Michelson–Morley experiment

attempt to detect the relative motion of matter through the stationary luminiferous aether

The Michelson–Morley experiment was a scientific experiment to test for the presence and properties of a substance called aether. This was thought hypothetically to fill empty space. The experiment showed the substance did not exist.

The experiment was done by Albert A. Michelson and Edward Morley in 1887.[1]

Since waves in water need something to move in (water) and sound waves do as well (air), it was believed that light also needed something to move in.[2] Scientists in the 18th century named this substance "aether", after the Greek god of light. They believed that aether was all around us and that it also filled the vacuum of space. Michelson and Morley created this experiment to try and prove the theory that aether existed. They did this with a device called an interferometer. This experiment is a test of Einstein's special relativity theory.

The experiment change

A Michelson interferometer uses the same principle as the original experiment. But it uses a laser for a light source.

The Earth travels very quickly (more than 100,000 km per hour) around the Sun.[3] If aether exists, the Earth moving through it would cause a "wind" in the same way that there seems to be a wind outside a moving car. To a person in the car, the air outside the car would seem like a moving substance. In the same way, aether should seem like a moving substance to things on Earth.

The interferometer was designed to measure the speed and direction of the "aether wind" by measuring the difference between the speed of light traveling in different directions. It measured this difference by shining a beam of light into a mirror that was only partially coated in silver. Part of the beam would be reflected one way, and the rest would go the other. Those two parts would then be reflected back to where they were split apart, and recombined. By looking at interference patterns in the recombined beam of light, any changes in speed because of the aether wind could be seen.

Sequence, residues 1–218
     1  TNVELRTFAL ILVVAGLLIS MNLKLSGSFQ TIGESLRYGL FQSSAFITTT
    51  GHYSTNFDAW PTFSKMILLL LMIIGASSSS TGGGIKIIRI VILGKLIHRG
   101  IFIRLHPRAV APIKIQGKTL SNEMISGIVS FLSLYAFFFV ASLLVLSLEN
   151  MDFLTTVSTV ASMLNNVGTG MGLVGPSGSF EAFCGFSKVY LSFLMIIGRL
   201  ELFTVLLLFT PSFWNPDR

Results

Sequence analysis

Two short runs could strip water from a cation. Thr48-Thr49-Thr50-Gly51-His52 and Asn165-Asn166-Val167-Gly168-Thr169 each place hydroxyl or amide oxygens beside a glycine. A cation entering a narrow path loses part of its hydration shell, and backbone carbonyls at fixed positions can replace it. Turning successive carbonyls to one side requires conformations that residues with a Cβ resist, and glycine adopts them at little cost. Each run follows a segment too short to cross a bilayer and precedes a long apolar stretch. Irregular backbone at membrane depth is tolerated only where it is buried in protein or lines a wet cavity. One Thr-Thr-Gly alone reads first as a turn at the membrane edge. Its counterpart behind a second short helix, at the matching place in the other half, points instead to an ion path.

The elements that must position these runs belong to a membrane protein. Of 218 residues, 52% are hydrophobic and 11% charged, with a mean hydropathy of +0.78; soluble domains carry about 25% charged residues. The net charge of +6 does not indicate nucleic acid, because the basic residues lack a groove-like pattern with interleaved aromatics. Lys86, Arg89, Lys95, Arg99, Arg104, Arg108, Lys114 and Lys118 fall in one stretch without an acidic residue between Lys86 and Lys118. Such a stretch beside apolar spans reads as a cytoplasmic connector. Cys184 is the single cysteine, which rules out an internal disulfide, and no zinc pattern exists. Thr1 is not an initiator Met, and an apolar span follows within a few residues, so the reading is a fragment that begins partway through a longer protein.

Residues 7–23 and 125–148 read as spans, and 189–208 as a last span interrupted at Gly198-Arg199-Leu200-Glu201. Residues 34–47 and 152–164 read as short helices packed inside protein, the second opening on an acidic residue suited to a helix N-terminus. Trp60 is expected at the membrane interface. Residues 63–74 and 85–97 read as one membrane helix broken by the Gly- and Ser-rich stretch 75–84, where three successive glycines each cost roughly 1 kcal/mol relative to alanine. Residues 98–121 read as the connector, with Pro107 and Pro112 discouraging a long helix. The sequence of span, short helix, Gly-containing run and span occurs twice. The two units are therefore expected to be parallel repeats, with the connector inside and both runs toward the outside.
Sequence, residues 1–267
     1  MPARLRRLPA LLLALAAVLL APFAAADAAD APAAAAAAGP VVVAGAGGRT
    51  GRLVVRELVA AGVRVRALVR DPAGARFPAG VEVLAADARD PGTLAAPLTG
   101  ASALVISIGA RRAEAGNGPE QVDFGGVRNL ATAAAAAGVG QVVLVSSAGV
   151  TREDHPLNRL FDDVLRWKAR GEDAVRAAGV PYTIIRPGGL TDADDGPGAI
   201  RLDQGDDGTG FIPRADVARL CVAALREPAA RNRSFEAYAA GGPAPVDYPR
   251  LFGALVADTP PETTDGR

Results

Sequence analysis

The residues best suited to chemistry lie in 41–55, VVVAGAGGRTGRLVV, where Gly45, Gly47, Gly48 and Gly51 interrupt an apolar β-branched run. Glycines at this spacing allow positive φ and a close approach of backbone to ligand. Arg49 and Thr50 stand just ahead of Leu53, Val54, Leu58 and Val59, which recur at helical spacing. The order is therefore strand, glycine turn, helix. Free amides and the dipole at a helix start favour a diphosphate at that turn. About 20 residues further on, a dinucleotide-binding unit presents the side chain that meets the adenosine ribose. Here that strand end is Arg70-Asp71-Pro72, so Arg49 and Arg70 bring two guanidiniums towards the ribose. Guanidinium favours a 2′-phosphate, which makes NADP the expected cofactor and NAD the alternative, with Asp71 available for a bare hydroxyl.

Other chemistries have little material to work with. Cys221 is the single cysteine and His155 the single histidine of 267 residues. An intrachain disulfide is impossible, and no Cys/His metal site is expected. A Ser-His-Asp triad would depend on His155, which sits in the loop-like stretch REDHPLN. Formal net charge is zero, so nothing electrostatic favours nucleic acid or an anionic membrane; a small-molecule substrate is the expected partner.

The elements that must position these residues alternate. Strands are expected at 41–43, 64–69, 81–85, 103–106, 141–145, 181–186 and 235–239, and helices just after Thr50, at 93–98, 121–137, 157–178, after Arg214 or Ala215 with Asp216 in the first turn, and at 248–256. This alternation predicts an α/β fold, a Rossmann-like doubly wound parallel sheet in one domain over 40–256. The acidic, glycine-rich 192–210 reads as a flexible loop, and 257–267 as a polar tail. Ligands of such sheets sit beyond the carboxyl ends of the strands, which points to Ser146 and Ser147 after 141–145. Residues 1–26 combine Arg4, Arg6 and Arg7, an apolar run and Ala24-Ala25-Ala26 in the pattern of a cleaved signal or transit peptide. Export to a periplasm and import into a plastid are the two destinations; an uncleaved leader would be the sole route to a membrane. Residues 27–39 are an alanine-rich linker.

They found that there was, in fact, no substantial difference in the measurements. This was puzzling to the scientific community at the time, and led to the creation of various new theories to explain the result. The most important was the Lorentz factor, which is used in Albert Einstein's special theory of relativity.

Other websites change

References change

  1. Michelson, Albert A.; Morley, Edward W. (1887). "On the Relative Motion of the Earth and the Luminiferous Ether". American Journal of Science. 34 (203): 333–345. Bibcode:1887AmJS...34..333M. doi:10.2475/ajs.s3-34.203.333. S2CID 124333204.
  2. "Electromagnetic nature of light". {{cite journal}}: Cite journal requires |journal= (help)
  3. "How fast is the earth moving?". Scientific American. Retrieved 18 January 2017.